Electronics companies scored higher than other industries in a ranking of 1,267 publicly-traded companies that filed a Conflict Mineral Disclosure with the Securities and Exchange Commission (SEC) for 2014. The top 100 ranking, conducted by Tulane University and sponsored by consulting firm Assent Compliance, were based on two key areas – compliance with the U.S. SEC conflict minerals reporting rule, and a good practice metric.
The study, led by Dr. Chris N. Bayer, Ph.D., and a research team from Tulane University, was supported by an advisory panel from the IPC, Elm Sustainability Partners, Schulte, Roth & Zabel, KPMG, and Assent Compliance.
Under the Conflict Mineral Disclosure, companies have to report whether or not their products contain conflict minerals – gold, tantalum, tin, and tungsten – mined from regions in Africa. However, a U.S. appeals court recently ruled that the requirement that companies state whether their products are DRC conflict free or not conflict free violates the First Amendment.
The report provides a compliance-based score that was based on the rules of Dodd-Frank Section 1502 and a best practice score based on the Responsible Sourcing Network’s good practice indicators, focused on transparency and process description, which were two very different scoring criteria to be compliant, said Jonathan Hughes, director of compliance services, Assent Compliance, during a webinar.
The report finds the electronics industry’s conflict mineral compliance programs scored significantly higher in best practices. While the compliance average for the 400 electronics industry filers (86%) fell within the overall average of all 500 filers (85%), there was a significant difference in the good practice score. Electronics filers achieved an average of 57 percent compared with all filers at 47 percent.
Hughes attributes the difference to a couple of factors, including that electronics companies have more exposure under Dodd-Frank and they have a longer history of materials compliance with regulations such as the European Union’s Restriction of Hazardous Substances (RoHS) Directive and Registration, Evaluation, Authorisation and Restriction of Chemicals (REACH), which means they have more knowledge about materials content and more efficient scoping.
Historically, electronics has been a heavily regulated industry when it comes to materials-related regulations such as REACH and RoHS so they already had processes and programs in place, said Hughes.
“Some of the larger companies especially those that do full materials disclosures have this information on hand so they didn’t have to send it out to their entire supply chain because of the previous efforts they had been doing with other materials related regulations. They already knew which suppliers had tin, tungsten, tantalum and gold,” he added.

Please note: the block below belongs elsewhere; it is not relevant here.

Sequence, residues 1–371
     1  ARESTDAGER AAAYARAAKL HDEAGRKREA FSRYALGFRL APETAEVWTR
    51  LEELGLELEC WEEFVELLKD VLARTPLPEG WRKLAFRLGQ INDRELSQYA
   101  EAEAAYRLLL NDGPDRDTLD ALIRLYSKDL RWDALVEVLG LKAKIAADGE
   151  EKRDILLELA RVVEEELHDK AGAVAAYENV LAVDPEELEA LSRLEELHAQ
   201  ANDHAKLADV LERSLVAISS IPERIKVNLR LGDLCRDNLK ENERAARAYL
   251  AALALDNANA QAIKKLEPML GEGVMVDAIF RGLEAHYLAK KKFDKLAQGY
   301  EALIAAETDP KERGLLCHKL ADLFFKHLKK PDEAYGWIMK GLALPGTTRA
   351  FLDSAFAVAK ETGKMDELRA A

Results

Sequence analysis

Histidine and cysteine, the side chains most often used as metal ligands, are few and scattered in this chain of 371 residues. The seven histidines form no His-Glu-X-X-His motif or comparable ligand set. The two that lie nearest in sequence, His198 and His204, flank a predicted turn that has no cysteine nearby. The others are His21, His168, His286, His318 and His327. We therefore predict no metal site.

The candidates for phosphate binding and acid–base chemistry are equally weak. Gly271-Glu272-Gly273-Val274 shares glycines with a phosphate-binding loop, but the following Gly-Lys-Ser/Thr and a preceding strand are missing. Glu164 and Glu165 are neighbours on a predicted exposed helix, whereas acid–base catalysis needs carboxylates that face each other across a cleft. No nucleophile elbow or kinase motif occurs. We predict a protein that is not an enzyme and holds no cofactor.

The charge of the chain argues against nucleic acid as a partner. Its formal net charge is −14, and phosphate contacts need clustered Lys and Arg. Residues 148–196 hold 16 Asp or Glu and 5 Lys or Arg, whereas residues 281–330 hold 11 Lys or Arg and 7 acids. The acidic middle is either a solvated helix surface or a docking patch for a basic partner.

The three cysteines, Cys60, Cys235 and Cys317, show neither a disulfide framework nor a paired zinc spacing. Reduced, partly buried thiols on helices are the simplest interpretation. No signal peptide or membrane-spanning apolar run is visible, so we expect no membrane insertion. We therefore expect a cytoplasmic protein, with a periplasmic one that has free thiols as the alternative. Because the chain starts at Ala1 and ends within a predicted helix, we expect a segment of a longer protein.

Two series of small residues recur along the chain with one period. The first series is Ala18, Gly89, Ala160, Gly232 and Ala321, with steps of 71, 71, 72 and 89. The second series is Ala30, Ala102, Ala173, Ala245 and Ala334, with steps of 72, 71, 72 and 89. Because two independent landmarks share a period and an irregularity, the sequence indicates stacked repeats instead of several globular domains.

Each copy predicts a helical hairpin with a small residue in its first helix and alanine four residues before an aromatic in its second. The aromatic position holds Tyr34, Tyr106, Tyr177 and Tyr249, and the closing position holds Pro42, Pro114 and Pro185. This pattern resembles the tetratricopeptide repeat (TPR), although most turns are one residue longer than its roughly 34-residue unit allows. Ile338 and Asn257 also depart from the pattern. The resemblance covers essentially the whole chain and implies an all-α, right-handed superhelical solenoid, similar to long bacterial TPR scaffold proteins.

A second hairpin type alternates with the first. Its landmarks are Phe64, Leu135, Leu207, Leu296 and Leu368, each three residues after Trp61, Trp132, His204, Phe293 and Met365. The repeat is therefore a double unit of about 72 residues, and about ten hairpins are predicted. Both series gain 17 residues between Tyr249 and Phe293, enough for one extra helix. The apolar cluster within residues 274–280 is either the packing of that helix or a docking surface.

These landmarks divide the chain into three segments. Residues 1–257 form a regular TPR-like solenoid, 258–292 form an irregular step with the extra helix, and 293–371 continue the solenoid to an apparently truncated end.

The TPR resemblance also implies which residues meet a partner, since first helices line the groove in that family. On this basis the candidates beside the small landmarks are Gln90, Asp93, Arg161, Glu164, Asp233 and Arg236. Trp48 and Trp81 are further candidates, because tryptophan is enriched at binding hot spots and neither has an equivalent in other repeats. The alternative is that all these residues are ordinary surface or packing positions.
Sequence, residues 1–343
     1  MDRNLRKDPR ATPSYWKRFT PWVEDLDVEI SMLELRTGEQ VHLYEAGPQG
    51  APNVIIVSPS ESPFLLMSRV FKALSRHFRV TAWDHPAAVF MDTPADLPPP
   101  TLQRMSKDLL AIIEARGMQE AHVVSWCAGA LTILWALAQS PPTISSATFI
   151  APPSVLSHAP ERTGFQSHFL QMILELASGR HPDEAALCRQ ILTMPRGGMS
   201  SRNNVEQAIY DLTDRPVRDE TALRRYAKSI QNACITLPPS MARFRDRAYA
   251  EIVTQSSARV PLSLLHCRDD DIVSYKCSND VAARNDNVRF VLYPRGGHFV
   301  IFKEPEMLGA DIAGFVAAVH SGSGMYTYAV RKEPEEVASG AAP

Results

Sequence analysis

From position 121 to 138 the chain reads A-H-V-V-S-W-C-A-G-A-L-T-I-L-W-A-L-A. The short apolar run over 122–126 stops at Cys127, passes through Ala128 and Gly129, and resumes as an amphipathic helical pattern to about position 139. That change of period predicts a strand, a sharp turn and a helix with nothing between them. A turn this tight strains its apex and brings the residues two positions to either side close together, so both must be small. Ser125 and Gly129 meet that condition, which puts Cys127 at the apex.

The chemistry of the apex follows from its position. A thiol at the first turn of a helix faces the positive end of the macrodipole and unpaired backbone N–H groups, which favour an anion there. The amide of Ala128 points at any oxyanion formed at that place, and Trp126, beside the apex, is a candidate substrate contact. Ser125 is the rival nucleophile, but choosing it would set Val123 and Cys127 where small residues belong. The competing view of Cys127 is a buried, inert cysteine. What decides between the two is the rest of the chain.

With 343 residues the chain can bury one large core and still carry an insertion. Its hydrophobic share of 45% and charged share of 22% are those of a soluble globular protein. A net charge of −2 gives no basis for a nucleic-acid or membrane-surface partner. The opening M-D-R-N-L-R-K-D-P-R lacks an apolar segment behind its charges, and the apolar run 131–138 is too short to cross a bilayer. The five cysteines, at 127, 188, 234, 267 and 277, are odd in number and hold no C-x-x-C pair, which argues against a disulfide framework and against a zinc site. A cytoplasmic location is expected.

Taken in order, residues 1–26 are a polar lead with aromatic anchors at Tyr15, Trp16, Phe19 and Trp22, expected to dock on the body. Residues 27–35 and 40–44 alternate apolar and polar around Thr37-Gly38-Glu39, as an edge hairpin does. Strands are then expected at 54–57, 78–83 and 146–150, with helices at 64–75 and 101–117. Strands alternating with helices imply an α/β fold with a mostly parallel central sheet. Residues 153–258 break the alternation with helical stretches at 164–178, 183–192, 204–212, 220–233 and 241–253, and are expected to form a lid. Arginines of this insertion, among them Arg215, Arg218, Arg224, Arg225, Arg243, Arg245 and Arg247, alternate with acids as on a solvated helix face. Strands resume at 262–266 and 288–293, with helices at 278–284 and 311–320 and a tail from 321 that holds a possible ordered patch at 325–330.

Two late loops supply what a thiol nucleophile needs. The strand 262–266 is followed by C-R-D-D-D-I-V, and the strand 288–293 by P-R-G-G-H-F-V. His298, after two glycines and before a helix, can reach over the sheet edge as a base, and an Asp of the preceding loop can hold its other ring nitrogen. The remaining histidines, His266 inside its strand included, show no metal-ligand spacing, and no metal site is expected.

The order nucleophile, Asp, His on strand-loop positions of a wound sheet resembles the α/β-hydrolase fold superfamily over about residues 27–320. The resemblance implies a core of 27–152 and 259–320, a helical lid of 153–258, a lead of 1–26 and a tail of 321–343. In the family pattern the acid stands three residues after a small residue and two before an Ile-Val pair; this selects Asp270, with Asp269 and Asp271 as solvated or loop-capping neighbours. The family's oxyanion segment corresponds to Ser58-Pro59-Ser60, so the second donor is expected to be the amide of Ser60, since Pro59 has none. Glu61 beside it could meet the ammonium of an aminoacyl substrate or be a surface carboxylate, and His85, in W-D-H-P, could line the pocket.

The electronics industry gets hit the hardest with the two biggest difficulties to attain data for conflict minerals and other supply chain compliance-related regulations and that is the issue of contract manufacturers and distributors, said Hughes. “Distributors don’t make 99 percent of the products they sell so it’s difficult for them to get all of these declarations and contract manufacturers only want to provide the declarations for solders and pastes they put on the board.”
“The real reason why their completion percentage [87% versus 80% for all filers] is higher than other companies not in electronics is because they have those built-up supplier engagement programs. They do this at least on an annual basis, asking their suppliers about the content and source of these goods for a myriad of other regulations,” Hughes said.
One of the most interesting findings is that electronics companies have the highest average score, Hughes said.
“What a lot of the leaders and smart companies are doing is looking at conflict minerals and these other regulations as part of their ethical sourcing program. Public disclosure is becoming more prevalent. Companies that are doing this are going to save themselves a lot of pain down the line and you can see why the electronics industry sees this. They understand the benefits of it and why they are the first ones to move to one policy for materials compliance,” said Hughes. “Companies need to think about more ethical sourcing style policies instead of focusing on each regulation.”
As a result, it’s not surprising that IP&E component manufacturers like Kemet rank among the top five electronics companies for conflict minerals compliance. Kemet ranks at number five among electronics companies and number 20 among the top 100 ranking. Kemet said as the world’s largest user of tantalum, it took an early leadership position in the industry on the issue of obtaining certified conflict-free minerals. AVX also has taken a leadership role, which makes it surprising that it did not rank among the top 100.
Other IP&E component manufacturers that made the top 100 ranking include TE Connectivity (#52), SL Industries (#75), and Sensata (#99).
The same is true of chipmakers. Rounding out the top five electronics companies are Intel (#1), Microchip (#2), Qorvo (#3), and Apple (#4). Chipmakers like Apple and Intel as well as others including Qualcomm Inc. (#95) have publicized their efforts to remove conflict minerals from their supply chains as part of their corporate sustainability programs. Other leading chipmakers ranked among the top 100 for conflict minerals compliance include Marvell, Freescale, Cree, Audience and Skyworks.
For companies looking to improve their scores, Assent provides fives steps for companies to improve their conflict mineral benchmarking study score that covers 36 percent of the total criteria.